24

'Judicial review of dismissal from federal employment, a matter of executive agency discretion, is limited to a determination of whether the required procedural steps have been substantially complied with. Keim v. United States, 177 U.S. 290, 20 S.Ct. 574, 44 L.Ed. 774 (1900); and see Hargett v. Summerfield, 100 U.S.App.D.C. 85, 243 F.2d 29 (1957).'

25

Hargett v. Summerfield, 100 U.S.App.D.C. 85, 243 F.2d 29, 32 (1957) stated that preservation of agency autonomy in matters of discipline and removal has been the underlying policy which has resulted in the restricted role played by the courts in reviewing discharge procedures. Specifically the court in that case said:

26

'These cases and others of similar import, decided both before and after the passage of the Administrative Procedure Act in 1946, make it clear that employee removal and discipline are almost entirely matters of executive agency discretion, and that judicial review of such actions is ordinarily available only to determine if there has been substantial compliance with the pertinent statutory procedures provided by Congress and no misconstruction of governing legislation. This has resulted in an unbroken line of authorities holding that, so long as there was substantial compliance with applicable procedures and statutes, the administrative determination was not reviewable as to the wisdom or good judgment of the department head in exercising his discretion.'

27

And see Taylor v. United States Civil Service Commission, 374 F.2d 466 (9th Cir. 1967).

28

The Department of the Navy, appellant's employer, was authorized under 5 U.S.C. 652(a), 863, Executive Order 10987 and Naval Civilian Personnel Instruction 750 (NCPI) to conduct removal proceedings. Subsections 2-5a (1)e and k(3)5 of the latter provide the following:

29

'e. Employee representative.

30

The employee may be represented at a hearing by any one person of his choice who is willing to represent him * * *'

31

'k(3). The employee shall be given full opportunity to reply to and refute the evidence and charges against him and to question all witnesses at the hearing.' (Appt.Br. 22)

32

Appellant claims that the hearing officer's failure to grant a continuance denied him the right to adequate representation of counsel. The district court specifically found to the contrary on the basis of all the evidence before it (Finding of Fact No. 10, C.T. 184), and we cannot hold that finding was clearly erroneous. Fed.R.Civ.Proc. 52(a). In short, we think the issues in the dismissal proceeding, which were essentially controverted factual allegations, were not of such a nature to require greater preparation than Mr. Scarborough had time to give to the case. Moreover, we are impressed by the fact, as was the district court, that no motion for continuance or objection to the proceedings was made during the hearing.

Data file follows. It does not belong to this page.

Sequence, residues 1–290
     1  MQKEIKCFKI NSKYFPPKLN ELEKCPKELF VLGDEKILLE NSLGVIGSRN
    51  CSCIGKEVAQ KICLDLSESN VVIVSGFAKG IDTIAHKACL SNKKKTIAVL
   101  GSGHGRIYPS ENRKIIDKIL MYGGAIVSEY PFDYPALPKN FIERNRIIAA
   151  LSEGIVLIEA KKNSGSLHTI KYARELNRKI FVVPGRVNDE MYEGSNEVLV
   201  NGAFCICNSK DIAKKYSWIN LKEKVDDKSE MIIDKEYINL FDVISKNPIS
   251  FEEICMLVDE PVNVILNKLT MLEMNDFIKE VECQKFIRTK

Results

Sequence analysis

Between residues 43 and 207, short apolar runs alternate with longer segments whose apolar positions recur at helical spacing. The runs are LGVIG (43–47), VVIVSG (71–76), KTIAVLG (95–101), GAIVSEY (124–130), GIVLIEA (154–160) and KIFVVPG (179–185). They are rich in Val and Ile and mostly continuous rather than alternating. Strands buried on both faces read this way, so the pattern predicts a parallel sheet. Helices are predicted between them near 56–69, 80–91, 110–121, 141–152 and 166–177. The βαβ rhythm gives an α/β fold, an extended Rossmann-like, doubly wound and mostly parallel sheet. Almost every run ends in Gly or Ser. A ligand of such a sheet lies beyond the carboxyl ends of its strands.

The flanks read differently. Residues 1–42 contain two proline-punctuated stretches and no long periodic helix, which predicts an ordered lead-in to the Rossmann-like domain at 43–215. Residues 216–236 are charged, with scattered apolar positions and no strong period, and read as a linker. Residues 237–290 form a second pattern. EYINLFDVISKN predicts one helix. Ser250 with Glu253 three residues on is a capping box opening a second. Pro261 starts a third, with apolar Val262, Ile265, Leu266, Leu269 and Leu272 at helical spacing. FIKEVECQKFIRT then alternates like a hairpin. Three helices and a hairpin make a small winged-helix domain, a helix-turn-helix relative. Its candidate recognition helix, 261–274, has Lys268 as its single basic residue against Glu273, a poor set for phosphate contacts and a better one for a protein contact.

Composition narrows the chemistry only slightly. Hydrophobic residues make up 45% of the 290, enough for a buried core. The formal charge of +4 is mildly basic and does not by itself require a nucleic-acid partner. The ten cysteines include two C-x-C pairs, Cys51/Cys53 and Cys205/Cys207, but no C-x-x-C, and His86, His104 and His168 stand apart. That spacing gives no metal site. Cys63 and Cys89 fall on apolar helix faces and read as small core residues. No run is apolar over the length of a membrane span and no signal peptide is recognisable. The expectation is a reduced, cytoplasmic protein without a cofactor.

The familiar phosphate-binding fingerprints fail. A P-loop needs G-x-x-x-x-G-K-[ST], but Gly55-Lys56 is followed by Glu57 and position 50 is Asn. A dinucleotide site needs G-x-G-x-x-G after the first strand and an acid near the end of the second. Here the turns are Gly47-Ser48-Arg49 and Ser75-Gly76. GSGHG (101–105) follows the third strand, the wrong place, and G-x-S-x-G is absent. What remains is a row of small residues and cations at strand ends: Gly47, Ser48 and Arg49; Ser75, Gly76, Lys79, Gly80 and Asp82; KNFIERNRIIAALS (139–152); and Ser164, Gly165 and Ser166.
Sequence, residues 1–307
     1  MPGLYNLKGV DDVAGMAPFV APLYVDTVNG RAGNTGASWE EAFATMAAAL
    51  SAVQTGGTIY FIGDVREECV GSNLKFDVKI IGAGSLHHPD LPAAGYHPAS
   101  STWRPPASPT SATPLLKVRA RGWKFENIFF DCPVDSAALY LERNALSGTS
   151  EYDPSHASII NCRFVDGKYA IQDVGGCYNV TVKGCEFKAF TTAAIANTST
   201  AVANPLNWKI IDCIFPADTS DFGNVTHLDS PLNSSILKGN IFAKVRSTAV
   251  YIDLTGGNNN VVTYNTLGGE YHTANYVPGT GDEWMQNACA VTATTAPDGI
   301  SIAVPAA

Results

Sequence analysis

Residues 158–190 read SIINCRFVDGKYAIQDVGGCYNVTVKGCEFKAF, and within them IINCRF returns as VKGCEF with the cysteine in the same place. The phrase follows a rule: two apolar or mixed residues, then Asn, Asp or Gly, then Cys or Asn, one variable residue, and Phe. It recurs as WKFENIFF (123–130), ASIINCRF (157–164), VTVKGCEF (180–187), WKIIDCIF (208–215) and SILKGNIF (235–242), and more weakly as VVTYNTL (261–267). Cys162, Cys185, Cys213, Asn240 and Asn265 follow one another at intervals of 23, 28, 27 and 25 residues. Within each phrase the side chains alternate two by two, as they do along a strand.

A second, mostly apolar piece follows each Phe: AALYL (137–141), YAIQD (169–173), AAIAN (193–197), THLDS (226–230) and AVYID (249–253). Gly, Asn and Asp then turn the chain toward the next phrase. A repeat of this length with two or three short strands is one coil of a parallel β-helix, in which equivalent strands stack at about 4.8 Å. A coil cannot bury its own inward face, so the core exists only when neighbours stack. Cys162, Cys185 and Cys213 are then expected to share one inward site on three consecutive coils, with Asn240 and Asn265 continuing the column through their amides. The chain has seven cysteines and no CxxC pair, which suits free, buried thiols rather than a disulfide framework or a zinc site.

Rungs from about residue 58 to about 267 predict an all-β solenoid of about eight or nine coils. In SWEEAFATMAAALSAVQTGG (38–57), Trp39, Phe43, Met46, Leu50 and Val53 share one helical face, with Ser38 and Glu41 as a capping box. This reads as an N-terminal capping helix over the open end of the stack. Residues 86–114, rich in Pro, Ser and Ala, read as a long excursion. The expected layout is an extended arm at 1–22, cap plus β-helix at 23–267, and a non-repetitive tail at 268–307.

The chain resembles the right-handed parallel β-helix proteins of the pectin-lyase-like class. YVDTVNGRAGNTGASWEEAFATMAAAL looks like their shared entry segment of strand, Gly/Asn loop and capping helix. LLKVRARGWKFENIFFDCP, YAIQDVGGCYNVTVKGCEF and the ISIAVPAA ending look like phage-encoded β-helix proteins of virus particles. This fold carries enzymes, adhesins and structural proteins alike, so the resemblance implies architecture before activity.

33

Appellant argues secondly that the failure to produce Mr. John King as a witness deprived him of a full opportunity to counter the charges that resulted in his discharge. We disagree.

34

The district court found (Finding of Fact No. 8, C.T. 183) that Mr. King was performing 'important previously scheduled duty, away from the facility' at the time of the hearing. Moreover, appellant made no attempt to personally obtain the presence of the witness or to obtain his affidavit or other admissible testimony. This compelled the district court to conclude that no prejudice resulted to the appellant. This is confirmed by King's testimony at the district court level. (R.T. 109 et seq.)

35

The decision of the district court is modified as to its finding that there was no personal jurisdiction over the defendants in their official capacities, and affirmed as to the findings and conclusions that appellant's dismissal proceeding was in substantial compliance with established and required procedure.

36

Affirmed as so modified.

1

In finding of fact No. 4 (C.T. 182) it was stated:

'Service of process has not been properly effected as to the remaining parties defendant, in their official capacities as officers of the United States pursuant to Rule 4(d)(5), Federal Rules of Civil Procedure, Defendants affirmatively pleaded insufficiency of service of process in their Answer to First Amended Complaint, filed herein on August 18, 1966.'

Plaintiff-appellant cured this alleged defect on November 28 and 29, 1966 when the United States Civil Service Commission was served in Los Angeles. (C.T. 92) Copies of the summons and complaint were served on the Secretary of the Navy by certified mail as authorized by 28 U.S.C. 1391(e). For an extended discussion of the history and applicability of 1391(e) see Wright and Miller, Federal Practice and Procedure: Civil 1107, pp. 416-421.

2

It was stated that the witness who was requested by appellant's attorney was on assignment in another part of the state, but would be produced if he returned in time for the hearing. No showing was made as to what this witness might have been expected to testify

3

See discussion in footnote 1, supra. Because we hold that all the required parties were properly before the court, we find it unnecessary to discuss appellant's assignments of error concerning the trial court's Conclusion of Law No. 1 in which it was held that the action should be dismissed for lack of jurisdiction over indispensable parties under Federal Rule 19. (C.T. 184, 5)

4

The Tenth Circuit has recently defined the scope of review in cases such as this in the following manner:

'Ordinarily the scope of judicial review of the action of the department in discharging an employee is limited to two main questions: (I) Were the procedural requirements of the statutes and regulations complied with; and (II) was the action of the department officials arbitrary or capricious or not supported by substantial evidence.' Vigil v. Post Office Dept., 406 F.2d 921, 924 (10th Cir. 1969).

5

Subsection 2-- 5a (1)g of the same regulation provides in part as follows:

'g. Witnesses.

The employee and management may call witnesses who have direct knowledge of circumstances and factors bearing on the case. Witnesses shall be limited in number on this basis. The decision as to the need for witnesses shall be made by the Hearing Advisory Committee. * * *' (Appt. Br. 29.)